The Languedoc town of Pezenas was once home to Moliere, France’s most popular playwright, and the creative tradition carries on strong within its medieval streets
The past is inescapable as you wander along the cobbled streets of Pézenas. Centuries of architectural styles – from the Middle Ages to the 19th century – vie for attention in the maze of streets in the old town, where medieval arches stand next to 17th-century mansions. It’s a bustling, busy place, in contrast to the tranquillity of the vineyards surrounding this market town in the Hérault valley of France’s Languedoc region. It’s only 33 miles away from the region’s capital, Montpellier, but it’s a world away in terms of the richness of its history.
It was a major trading centre in the Middle Ages, when traders would travel for miles to buy goods from the town’s highly skilled craftspeople. That hasn’t changed, as artisans are still making beautiful objects out of glass, ceramics, leather, shoes and jewellery – and selling them in the tiny shops and studios that are tucked into every available space in the old town. When the weather is warm, they take their materials and work outside in the sunshine, creating a sense that nothing much has changed for hundreds of years. The street names reflect this too: Impasse Fromagerie Vieille (old cheese shop) and Rue Triperie Vieille (old tripe shop) evoke the days before supermarkets came along.
Much is made of the fact that Pézenas became the adopted home of Molière in the 17th century. Like many others, France’s greatest playwright had been attracted to the town when the Prince of Conti brought his court there and turned it into a second Versailles. Few can resist the lure of royalty, but at least Molière repaid the favour by writing and performing some of his best-loved plays. It’s a cause for celebration in Pézenas, where summertime Molière festivals abound, along with music, arts and wine festivals. You can even stay in the impressive Renaissance mansion, the Hotel d'Alfonce, where Molière’s comedies were performed against the backdrop of the two-storey loggia. It’s now a B&B, albeit with only two rooms available.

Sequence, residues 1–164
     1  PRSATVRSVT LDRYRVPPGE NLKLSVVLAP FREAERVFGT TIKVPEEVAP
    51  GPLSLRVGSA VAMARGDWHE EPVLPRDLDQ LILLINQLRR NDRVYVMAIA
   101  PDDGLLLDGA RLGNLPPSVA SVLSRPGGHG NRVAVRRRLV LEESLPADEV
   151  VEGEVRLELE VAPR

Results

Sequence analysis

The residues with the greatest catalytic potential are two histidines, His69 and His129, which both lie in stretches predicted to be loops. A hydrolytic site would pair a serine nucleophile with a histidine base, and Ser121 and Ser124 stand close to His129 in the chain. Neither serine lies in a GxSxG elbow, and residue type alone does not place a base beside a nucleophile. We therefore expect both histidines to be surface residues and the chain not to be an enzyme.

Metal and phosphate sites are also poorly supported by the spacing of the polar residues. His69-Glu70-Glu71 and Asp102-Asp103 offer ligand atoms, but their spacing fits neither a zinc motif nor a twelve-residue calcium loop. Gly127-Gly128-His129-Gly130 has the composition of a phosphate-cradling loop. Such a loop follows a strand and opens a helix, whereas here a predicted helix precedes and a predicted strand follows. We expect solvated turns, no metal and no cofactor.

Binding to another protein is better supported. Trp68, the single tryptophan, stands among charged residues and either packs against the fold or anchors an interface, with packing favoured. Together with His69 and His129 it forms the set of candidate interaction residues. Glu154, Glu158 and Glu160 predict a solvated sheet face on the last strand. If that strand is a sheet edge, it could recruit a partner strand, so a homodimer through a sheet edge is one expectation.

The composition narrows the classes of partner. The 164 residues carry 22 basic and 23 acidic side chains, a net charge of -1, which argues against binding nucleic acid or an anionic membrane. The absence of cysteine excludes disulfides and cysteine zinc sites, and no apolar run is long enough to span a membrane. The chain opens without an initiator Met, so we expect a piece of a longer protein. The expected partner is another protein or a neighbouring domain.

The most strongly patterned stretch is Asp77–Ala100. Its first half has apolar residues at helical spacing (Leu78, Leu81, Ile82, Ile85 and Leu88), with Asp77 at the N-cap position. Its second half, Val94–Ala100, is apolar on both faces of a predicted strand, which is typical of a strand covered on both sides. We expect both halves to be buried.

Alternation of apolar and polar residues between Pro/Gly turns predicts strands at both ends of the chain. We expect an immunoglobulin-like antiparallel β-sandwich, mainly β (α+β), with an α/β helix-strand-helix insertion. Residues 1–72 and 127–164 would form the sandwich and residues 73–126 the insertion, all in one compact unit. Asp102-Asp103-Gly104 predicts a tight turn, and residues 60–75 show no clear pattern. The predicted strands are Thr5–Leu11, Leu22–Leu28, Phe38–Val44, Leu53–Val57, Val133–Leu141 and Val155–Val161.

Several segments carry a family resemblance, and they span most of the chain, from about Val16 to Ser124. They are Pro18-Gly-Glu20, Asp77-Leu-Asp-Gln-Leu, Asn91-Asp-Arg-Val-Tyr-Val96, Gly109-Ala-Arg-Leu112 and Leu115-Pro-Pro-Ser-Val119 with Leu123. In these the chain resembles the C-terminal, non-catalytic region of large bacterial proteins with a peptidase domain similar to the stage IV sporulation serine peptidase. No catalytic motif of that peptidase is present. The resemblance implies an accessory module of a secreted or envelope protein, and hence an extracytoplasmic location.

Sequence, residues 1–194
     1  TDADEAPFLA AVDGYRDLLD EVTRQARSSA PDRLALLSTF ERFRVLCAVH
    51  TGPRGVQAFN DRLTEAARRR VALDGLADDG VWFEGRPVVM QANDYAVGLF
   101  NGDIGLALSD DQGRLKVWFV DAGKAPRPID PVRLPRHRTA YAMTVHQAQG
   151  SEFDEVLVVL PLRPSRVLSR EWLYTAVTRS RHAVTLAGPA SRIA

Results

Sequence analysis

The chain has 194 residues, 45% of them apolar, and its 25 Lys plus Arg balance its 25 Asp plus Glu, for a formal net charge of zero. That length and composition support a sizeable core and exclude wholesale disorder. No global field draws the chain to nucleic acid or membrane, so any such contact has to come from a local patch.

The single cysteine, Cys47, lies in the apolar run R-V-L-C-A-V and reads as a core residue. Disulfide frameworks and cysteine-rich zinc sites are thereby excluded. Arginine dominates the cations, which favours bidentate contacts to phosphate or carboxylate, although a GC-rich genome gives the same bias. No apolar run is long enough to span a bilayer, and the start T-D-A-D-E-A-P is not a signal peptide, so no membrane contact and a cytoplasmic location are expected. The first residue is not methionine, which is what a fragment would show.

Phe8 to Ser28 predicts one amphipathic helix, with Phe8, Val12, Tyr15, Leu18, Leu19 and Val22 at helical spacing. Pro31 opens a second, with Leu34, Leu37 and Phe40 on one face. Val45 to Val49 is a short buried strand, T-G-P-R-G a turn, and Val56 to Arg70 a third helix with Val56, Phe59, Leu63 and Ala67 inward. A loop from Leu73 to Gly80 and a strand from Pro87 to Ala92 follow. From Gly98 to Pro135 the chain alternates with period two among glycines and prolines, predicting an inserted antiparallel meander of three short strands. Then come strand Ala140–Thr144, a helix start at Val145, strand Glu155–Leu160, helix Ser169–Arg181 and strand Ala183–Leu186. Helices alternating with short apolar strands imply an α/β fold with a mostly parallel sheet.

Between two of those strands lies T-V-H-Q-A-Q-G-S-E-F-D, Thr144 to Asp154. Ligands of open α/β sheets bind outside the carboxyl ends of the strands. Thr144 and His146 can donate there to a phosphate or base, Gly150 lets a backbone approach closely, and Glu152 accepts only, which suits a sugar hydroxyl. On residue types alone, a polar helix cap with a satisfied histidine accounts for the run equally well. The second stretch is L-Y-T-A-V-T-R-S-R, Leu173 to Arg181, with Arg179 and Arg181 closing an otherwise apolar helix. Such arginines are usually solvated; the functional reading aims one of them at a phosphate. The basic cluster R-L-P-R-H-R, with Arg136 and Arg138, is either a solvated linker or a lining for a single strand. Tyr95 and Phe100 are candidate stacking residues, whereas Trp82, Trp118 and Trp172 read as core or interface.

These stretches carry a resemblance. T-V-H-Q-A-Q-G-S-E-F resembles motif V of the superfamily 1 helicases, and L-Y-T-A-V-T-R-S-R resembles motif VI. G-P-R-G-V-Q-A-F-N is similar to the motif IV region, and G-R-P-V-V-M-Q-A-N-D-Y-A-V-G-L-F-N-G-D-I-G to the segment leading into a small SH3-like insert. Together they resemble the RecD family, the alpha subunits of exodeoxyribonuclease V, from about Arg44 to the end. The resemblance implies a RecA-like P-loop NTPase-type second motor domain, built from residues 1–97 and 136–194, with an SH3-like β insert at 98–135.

In fact, for such a charming place, there is a shortage of upmarket accommodation. There’s the Grand Hotel Molière
by the riverside, but it’s a very average two-star Logis de France. Visitors are better off in one of the town’s B&Bs. The five-bedroom Hôtel Vigniamont
is run by English expats Rob and Tracy McVeigh, who have turned this 17th-century hôtel particulier
into a luxurious B&B that is beautifully furnished and features generous breakfasts and a nightly apéritif hour.
Then there’s La Dordine
, near the old town’s 14th-century Jewish quarter, which is run by a young couple, Aurélien Carron and his talented chef-wife Véronique. If you fancy self-catering, then stay in one of the apartments in the Couvent des Ursulines,
run by Anglo-French couple Nikki and Jean-François Marques-Quist. This 19th-century former convent has been converted imaginatively into four airy and spacious two-bedroom apartments, all of which have private patios facing the swimming pool within the large shady garden.
If the town’s accommodation is a bit sparse, you certainly won’t have a problem finding somewhere to eat. There is a handful of classy restaurants in and around the old town, notably L’Entre Pots, which does fantastic things with duck. Les Palmiers has an elegant courtyard interior and serves equally imaginative food. For a cheap and very cheerful meal, try the Spanish and Catalan specialities in the warm and friendly La Mamita. In the main cobbled square, Le Poisson Verre is a riot of colourful paintings and mismatched furniture in an agreeably chaotic setting that spills out into an internal courtyard in fine weather.
If you’re self-catering, make the most of the Saturday market in the Place de la République, which is enormous and runs all day, unlike many French markets that pack up at lunchtime. Then stroll back into the old town, perhaps stopping for an ice cream at the glacerie in the main square where Molière used to sit and watch the locals, getting inspiration for his comic masterpieces. Nowadays, of course, there are other masters at work in Pézenas.